A quick recap on respect and courtesy…
Did you hear the other day that Fred, Bob & Jack were on a card, and Fred was NOT having a good day? After he missed a putt at one stage, he let go an expletive out of frustration. Bob and Jack came up and Bob quietly said, “Fred, I know that you’re having a tough trot at the moment, but as Jack & I are Christians, we are offended by bad language, and would appreciate it if you refrained.”
Well, Fred just lost it, “Well, you %!*&##g know what you can &^*+##$g do with your !~@&%$g religion…. etc, etc, etc”. Once he had finished his tirade, Bob turned to Jack quietly, and said, “I counted 15, is that what you counted?”, to which Jack replied, “Yep, that sounds right.”
Fred’s face lost all its colour, and he immediately left the tournament as his 15 added strokes were clearly not going to help his scoreline… (nor his reputation)!
You KNOW how hard it is to recover that stroke lost on an errant throw, don’t put yourself in a position to get strokes added to your score through lack of courtesy!
This blog’s topic is the Lie… how hard can it be, right? Considering verticality, it’s not so hard, but it goes hand-in-hand with Marking the Lie, and Stance (which of course is linked to Obstacles and Relief)…
An inexperienced player in my group flipped his disc to mark it and threw from there. What’s the call?
That is a marking violation since an improper method was used to mark the lie. A player’s first marking violation results in a warning.
Read Rules 802.05, 802.06 and 802.07. Something mentioned in 802.06.B is the use of a mini marker. We’ll give you a hand up on this one, as it’s a little hard to find in the PDGA Technical Standards:
Mini Marker discs must have a circular shape, with a diameter ranging from 7 cm to 15 cm and a height not exceeding 3 cm. Mini marker discs can be made from a variety of materials (e.g. plastic, metal, wood).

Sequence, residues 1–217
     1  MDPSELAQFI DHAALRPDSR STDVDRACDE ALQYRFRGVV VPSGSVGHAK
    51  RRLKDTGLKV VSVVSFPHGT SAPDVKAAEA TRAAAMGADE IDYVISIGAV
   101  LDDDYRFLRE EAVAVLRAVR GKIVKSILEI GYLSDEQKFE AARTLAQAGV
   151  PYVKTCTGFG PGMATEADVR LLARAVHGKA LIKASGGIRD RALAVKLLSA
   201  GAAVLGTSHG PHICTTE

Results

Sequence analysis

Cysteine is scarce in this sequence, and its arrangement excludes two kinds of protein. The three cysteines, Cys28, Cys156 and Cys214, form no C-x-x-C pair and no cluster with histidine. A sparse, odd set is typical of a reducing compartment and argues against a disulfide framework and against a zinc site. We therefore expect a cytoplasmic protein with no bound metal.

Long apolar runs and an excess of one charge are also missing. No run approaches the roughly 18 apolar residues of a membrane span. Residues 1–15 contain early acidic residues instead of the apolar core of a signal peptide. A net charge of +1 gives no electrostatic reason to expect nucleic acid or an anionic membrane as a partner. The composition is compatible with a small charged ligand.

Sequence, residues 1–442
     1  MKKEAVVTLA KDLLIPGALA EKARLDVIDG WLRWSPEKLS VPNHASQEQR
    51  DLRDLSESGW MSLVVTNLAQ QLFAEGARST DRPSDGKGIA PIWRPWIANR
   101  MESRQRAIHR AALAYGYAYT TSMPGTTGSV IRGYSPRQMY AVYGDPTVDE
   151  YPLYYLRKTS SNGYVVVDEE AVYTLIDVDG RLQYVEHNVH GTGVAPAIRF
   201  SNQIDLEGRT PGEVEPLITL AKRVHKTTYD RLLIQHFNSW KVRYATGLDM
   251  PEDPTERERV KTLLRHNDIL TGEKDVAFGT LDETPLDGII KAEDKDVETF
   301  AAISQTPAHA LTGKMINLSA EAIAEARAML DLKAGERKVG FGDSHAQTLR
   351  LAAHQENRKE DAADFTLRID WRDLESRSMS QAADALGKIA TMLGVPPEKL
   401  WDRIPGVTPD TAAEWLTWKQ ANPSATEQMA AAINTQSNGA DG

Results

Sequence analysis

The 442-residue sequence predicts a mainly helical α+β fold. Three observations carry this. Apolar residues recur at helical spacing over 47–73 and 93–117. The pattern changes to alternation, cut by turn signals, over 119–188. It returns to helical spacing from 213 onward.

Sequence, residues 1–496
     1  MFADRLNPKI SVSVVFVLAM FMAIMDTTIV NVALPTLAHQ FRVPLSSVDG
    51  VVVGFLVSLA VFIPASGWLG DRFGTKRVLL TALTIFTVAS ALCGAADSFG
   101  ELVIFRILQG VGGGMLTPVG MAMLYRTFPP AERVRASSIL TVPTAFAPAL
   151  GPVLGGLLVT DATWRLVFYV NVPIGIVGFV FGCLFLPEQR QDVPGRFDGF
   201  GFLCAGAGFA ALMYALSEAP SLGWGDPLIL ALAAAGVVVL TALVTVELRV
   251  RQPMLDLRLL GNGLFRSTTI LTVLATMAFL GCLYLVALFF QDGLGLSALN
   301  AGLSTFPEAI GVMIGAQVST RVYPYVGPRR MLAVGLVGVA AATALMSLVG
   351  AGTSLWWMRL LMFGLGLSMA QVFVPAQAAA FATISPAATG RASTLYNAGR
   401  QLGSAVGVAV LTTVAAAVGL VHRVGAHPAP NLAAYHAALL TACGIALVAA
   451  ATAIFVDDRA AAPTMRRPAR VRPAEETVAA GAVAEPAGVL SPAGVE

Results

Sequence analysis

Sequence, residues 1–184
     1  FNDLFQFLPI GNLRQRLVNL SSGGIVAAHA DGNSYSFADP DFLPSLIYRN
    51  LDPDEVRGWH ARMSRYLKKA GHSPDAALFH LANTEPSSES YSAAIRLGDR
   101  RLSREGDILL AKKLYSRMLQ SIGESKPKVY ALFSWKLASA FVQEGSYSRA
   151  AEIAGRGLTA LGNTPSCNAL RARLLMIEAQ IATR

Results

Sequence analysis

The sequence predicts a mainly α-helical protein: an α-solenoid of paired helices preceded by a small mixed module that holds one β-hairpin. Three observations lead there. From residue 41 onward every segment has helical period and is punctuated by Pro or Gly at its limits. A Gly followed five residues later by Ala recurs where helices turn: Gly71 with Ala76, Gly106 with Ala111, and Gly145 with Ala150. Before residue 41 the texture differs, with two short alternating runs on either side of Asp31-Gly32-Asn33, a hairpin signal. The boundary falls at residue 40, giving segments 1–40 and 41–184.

Nope, putting at target #6 at Rocklea, I can’t use my mobile or my keys since I left my mini in the bag back at tee #7… I can of course putt from behind my disc from the previous, but a bit sad if I threw my putter and didn’t bring another disc… 30 seconds… Go!
Not a rule, but some practical advice: if your disc lands near a tree or other obstacle, think about your stance before placing your mini – it may be better to be able to use your thrown disc to stand further back to give you a clearer line for a throw, or to help save your hand hitting a tree in follow-through…
My throw landed on a bridge that spans an OB creek. Do I play from the bridge, or is my disc OB since it’s above the creek? What if I’m on the bridge but over land?
A bridge is an example where one playing surface is vertically stacked above another playing surface. Each playing surface is treated independently. The bridge is in-bounds unless the TD has declared it to be OB, regardless of whether a playing surface above or below it is OB. If the two-meter rule is in use, it does not apply because your disc is on, not above, the playing surface. You mark your lie on the bridge, and there is no penalty.
Our course has two horizontal rainwater run-off culverts that exit from the side of a hill into the fairway. They are about two feet in diameter with metal grills over their exits that have gaps big enough for discs to enter but not a player. If a disc enters a culvert, can the player simply mark on the hillside directly above their disc’s location in the culvert with no penalty since the disc is below the playing surface?
Yes. Inside the culvert is not a playing surface, but the hillside above it is. If the TD has not provided guidance on how to handle discs entering these culverts, then players can mark on the hillside directly above their disc with no penalty.
For those who recognise it, this could be your answer to that throw that ended up under the water main on hole #2 at Rocklea, or into the culvert on hole #2 at PRP.
What about if your throw ended up under the bridge at hole #13 Carindale – could you throw from the bridge vertically above your disc (assuming no OB)?
Link to the rules: https://www.pdga.com/rules/official-rules-disc-golf
Next (and final) blog: Enforcement